On Thursday, the House GOP unveiled its latest draft of an Obamacare replacement bill — to select members of their own caucus, in an undisclosed basement room guarded by Capitol Hill police.
Congressional Republicans have long disdained “backroom deals,” particularly ones concerning health-care reform. And, just days earlier, Paul Ryan had boasted that his party wasn’t “hatching some bill in a backroom and plopping it on the American people’s front door.”
So, it isn’t hard to see why liberal pundits would have a field day with the bill’s basement debut. Why Rand Paul did, however, is a bit less intuitive.
The Kentucky senator proceeded to take the Capitol Hill press corps on a whimsical journey designed to paint his own party’s legislative process as a Kafkafesque absurdity.
He was joined on this quest by the Republican chair of the House Ways and Means Committee Kevin Brady, along with some disgruntled Democrats, including House Minority Whip Steny Hoyer and House Minority Leader Nancy Pelosi (and/or, her hounds).
Word spread that the bill was in Room H-157, a nondescript conference room in the House of Representatives. But by the time Paul and his aggrieved colleagues arrived there, the legislation had been moved to a more secure location, according to BuzzFeed News.
The metaphoric had become literal — congressional Republicans could not find their alternative to the Affordable Care Act.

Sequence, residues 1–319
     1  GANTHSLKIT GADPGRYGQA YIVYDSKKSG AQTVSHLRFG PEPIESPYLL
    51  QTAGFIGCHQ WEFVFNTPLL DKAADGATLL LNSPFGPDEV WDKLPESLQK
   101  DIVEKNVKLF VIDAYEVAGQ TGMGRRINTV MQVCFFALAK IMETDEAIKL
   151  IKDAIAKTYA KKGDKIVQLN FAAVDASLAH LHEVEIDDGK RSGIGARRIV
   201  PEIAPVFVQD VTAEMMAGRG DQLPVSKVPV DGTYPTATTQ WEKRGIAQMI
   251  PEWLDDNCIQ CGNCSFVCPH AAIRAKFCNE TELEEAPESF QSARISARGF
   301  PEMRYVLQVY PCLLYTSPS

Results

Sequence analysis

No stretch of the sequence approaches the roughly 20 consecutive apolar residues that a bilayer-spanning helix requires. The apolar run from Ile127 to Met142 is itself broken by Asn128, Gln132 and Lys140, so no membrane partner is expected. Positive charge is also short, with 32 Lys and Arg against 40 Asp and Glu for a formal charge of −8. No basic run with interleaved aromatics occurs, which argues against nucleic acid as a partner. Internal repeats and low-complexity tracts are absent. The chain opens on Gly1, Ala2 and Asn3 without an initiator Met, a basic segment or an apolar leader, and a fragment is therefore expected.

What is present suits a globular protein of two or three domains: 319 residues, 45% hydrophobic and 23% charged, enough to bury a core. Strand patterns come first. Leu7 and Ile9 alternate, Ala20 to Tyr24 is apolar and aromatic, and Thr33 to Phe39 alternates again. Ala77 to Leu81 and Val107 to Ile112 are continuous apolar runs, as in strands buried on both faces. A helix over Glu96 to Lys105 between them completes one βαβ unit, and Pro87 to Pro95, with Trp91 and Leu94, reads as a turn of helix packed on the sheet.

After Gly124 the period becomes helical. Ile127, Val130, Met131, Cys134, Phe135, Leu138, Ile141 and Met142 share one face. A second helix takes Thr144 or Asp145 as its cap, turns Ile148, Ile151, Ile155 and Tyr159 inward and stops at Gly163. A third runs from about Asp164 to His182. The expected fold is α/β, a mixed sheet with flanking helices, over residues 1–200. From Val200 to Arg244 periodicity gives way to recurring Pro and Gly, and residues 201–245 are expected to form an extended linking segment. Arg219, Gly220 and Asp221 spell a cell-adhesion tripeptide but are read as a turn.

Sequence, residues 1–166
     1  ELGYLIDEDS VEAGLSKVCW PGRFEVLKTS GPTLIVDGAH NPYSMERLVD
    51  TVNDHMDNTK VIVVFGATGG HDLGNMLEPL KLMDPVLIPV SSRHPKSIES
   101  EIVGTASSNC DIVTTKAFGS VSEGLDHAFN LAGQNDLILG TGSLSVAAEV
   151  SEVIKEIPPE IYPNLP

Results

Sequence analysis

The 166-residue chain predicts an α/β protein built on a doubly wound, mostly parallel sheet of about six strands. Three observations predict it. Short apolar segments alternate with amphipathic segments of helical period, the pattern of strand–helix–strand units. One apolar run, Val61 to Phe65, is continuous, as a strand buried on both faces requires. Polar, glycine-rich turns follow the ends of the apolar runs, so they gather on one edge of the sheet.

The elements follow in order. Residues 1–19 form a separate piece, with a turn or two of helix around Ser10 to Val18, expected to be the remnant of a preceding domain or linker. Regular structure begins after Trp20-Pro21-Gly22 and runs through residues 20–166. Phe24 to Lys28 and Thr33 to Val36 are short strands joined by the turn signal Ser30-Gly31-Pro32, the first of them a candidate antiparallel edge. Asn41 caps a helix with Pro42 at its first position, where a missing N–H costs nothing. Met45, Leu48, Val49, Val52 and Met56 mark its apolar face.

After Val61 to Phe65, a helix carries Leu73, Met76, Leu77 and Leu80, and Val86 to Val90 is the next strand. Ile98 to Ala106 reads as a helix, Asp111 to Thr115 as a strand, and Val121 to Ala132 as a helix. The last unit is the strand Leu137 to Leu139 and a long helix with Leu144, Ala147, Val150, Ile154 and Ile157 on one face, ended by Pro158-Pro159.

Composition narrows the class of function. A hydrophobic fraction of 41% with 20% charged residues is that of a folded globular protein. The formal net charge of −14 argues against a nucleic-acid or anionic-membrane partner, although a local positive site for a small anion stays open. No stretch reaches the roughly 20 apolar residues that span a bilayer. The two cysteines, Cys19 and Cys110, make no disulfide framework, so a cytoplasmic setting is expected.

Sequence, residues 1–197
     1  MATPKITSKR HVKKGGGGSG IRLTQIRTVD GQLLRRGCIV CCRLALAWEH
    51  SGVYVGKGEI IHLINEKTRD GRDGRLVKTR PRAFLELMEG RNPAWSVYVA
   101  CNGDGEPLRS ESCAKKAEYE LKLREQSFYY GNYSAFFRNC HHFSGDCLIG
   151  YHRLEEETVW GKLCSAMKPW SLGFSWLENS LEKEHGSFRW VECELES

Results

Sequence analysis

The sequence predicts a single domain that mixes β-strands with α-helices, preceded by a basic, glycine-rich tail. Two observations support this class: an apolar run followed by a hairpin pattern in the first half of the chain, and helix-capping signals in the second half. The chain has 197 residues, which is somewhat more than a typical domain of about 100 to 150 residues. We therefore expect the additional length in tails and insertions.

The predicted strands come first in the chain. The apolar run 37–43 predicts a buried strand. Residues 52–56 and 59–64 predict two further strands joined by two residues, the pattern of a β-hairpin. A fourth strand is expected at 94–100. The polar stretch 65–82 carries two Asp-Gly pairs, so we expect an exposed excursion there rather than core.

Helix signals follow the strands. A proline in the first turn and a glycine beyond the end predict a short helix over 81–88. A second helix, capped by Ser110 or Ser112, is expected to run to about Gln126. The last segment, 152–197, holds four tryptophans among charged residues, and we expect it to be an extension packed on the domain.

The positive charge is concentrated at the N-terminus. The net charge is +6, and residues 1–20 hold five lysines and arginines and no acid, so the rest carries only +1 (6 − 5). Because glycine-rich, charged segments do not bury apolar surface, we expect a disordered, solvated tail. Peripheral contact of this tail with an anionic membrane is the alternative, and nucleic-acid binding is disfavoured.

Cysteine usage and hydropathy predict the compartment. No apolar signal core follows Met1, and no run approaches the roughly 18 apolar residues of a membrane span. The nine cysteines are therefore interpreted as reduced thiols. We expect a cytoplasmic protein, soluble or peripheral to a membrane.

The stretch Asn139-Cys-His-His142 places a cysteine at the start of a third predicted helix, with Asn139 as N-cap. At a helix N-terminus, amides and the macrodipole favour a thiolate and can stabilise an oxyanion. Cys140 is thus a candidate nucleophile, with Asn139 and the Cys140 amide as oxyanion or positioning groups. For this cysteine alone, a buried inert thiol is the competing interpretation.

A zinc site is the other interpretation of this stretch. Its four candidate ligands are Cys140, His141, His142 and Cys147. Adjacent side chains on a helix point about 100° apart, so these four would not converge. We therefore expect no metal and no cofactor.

Thus, Ryan’s attempt to give his caucus a sneak peek at their new Obamacare replacement bill — while avoiding press scrutiny — ended in a PR disaster of Rand Paul’s creation.
On one level, Paul’s endgame is fairly obvious: The Kentucky senator wants to sabotage Ryan’s bill because it isn’t conservative enough. Specifically, the legislation appears to preserve some form of Medicaid expansion, along with tax credits to subsidize the health-care costs of low-income Americans. Of course, the bill is far less generous on both these fronts than Obamacare is — as the Kaiser Family Foundation’s scoring of a leaked “discussion draft” makes clear:
Still, the bill would condemn too few poor people to preventable deaths for the tastes of Rand Paul and the House Freedom Caucus: Their position is full repeal or bust.
Now, there’s no reason to doubt the sincerity of Rand Paul’s commitment to protecting personal liberty (by amplifying the suffering of the indigent). But the same can be said about Paul Ryan’s.
The House Speaker isn’t against fully abolishing the ACA’s redistributive aspects for ideological reasons, but for practical ones: Several Republican senators have made it clear that they have no interest in throwing large numbers of their constituents off of Medicaid. And even if they did, the GOP still needs eight Democratic votes to get their Obamacare replacement through the Senate.
It’s hard to believe that Rand Paul doesn’t understand this. But if he’s cognizant of the fact that Ryan’s bill — or something like it — is his party’s best hope for repealing Obamacare, why is he trying to sabotage it?
One answer is that he understands the political realities of ACA repeal all too well: Medicaid expansion is quite popular in Kentucky, where it has provided 400,000 people with access to health insurance. By supporting an extreme, unpassable version of Obamacare repeal, Paul can keep his tea-party base happy, while avoiding the backlash that might result from making hundreds of thousands of his constituents’ lives appreciably worse.
When Paul wishes to shame Capitol Hill’s RINOs, he notes how they were happy to fully repeal Obamacare — back when they were powerless to actually do so. But that’s precisely what the Kentucky senator is still doing, today.